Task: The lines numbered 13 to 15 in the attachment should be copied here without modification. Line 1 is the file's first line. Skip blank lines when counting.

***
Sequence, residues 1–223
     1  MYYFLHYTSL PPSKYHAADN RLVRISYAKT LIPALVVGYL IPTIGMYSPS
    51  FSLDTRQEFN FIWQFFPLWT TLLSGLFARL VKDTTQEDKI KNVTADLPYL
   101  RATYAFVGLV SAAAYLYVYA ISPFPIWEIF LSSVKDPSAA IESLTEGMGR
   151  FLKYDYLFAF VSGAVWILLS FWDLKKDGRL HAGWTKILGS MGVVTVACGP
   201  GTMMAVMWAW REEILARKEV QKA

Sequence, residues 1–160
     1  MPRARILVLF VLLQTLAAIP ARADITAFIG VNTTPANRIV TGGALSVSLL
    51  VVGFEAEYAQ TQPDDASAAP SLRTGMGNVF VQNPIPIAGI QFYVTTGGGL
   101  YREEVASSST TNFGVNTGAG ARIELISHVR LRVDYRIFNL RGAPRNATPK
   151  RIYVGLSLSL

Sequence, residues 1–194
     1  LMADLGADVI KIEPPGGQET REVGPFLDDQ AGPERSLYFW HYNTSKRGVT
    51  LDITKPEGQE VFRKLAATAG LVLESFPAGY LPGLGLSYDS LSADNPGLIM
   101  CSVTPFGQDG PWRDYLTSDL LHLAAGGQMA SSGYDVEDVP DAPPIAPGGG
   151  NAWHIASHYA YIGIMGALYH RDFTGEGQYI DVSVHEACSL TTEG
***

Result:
     1  LMADLGADVI KIEPPGGQET REVGPFLDDQ AGPERSLYFW HYNTSKRGVT
    51  LDITKPEGQE VFRKLAATAG LVLESFPAGY LPGLGLSYDS LSADNPGLIM
   101  CSVTPFGQDG PWRDYLTSDL LHLAAGGQMA SSGYDVEDVP DAPPIAPGGG